Posted: 29 January 2008
Warning on stormwater drain pollution
Used oil, anti-freeze and paint are among a host of environmentally harmful substances being illegally tipped or spilled down Northland’s stormwater drains and finding their way into the sea.
The Northland Regional Council (NRC) is unimpressed with people who continue to dump all manner of harmful pollutants into stormwater drains, despite the fact those substances then travel straight into the ocean.
Mike Churcher, an Environmental Monitoring Officer (Coastal) with the Council, says such incidents are all too common, with the NRC responding to roughly one a week.
“These range from accidental spills or those stemming from ignorance, through to others where people clearly know they are in the wrong – and putting our environment and health at risk – but continue anyway.”
Mr Churcher says while the majority of substances are more of a risk to the environment, some – like thinners and fuels – can also pose a potentially serious safety threat to other people living or working nearby.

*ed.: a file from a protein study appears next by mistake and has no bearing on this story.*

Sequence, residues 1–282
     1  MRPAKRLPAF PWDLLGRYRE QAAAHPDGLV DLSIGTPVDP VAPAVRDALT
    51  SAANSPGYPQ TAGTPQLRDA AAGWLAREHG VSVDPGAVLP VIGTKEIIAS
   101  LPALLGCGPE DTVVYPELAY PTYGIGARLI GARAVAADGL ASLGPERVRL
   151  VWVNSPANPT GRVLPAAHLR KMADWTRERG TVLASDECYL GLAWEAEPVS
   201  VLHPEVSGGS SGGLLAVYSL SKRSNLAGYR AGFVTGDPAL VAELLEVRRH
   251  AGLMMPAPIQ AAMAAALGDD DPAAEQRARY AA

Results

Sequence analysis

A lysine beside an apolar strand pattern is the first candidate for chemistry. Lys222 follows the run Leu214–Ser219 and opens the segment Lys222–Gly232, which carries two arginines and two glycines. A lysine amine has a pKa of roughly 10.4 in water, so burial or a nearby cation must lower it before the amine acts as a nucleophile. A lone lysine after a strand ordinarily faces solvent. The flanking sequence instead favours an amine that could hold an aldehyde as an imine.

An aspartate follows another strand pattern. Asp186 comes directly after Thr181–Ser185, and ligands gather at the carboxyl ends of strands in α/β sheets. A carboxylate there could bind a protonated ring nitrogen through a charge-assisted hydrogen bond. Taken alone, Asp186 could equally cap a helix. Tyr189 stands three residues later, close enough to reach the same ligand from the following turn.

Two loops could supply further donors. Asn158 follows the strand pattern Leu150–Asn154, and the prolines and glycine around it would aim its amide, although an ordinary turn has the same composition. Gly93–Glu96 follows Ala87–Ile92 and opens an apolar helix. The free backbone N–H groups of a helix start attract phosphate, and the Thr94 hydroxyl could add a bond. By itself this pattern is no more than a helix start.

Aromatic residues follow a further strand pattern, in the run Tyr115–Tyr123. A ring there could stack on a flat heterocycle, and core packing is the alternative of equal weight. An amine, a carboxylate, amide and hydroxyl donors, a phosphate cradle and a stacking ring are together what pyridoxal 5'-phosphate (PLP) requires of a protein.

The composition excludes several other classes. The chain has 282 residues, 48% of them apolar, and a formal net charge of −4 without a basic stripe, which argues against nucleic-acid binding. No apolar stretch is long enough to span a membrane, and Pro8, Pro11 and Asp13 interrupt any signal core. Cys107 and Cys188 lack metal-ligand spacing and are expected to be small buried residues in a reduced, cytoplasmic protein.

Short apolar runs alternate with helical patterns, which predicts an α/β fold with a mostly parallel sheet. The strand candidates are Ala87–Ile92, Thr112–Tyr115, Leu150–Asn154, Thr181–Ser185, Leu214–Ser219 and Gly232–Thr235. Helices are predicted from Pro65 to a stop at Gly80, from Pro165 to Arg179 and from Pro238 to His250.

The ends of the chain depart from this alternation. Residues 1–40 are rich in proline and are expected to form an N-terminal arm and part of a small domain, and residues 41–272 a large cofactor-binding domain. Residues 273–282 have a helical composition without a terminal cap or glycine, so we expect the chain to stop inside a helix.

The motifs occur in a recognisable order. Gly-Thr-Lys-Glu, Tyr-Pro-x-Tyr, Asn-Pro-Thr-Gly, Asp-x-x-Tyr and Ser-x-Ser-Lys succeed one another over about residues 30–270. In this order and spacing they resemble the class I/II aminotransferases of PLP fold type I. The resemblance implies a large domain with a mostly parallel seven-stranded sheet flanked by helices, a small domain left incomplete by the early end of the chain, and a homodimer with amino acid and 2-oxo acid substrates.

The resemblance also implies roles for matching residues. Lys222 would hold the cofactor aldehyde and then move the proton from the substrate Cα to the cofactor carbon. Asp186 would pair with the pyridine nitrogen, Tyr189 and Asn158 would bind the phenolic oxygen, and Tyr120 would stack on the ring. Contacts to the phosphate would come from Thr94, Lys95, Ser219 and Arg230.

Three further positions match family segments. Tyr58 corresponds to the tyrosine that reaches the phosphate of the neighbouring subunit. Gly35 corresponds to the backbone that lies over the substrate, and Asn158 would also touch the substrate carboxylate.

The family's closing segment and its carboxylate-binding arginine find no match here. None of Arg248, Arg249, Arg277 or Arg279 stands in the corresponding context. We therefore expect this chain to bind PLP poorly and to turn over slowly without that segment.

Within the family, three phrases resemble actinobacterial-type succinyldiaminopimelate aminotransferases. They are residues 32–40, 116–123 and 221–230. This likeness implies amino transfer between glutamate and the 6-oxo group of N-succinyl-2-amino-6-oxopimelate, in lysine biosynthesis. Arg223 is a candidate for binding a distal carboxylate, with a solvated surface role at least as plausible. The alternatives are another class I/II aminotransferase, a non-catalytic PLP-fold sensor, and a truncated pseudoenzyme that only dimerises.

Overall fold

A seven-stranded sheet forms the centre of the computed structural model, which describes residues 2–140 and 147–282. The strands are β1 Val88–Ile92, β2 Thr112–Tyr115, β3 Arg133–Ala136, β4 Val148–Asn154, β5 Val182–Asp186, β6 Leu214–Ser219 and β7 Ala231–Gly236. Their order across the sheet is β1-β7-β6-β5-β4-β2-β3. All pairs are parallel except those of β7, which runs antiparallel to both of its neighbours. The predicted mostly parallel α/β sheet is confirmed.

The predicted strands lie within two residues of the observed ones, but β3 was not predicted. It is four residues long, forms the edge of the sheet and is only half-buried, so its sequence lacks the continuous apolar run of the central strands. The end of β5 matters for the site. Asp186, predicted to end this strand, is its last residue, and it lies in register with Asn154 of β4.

He says many of those tipping substances into stormwater drains assume they will not be caught, however, they are often proved wrong.
In recent weeks the Council had issued $750 infringement notices – effectively an instant fine – after unrelated incidents in the Bream Bay area. One incident had seen several litres of paint and a second water laden with silt, ending up in the local stormwater system.
Mr Churcher urged people to ensure they disposed of unwanted liquids responsibly and said anyone encountering what they suspected was illegal dumping into stormwater systems to call the Regional Council’s 24/7 Environmental Hotline on 0800 504 639.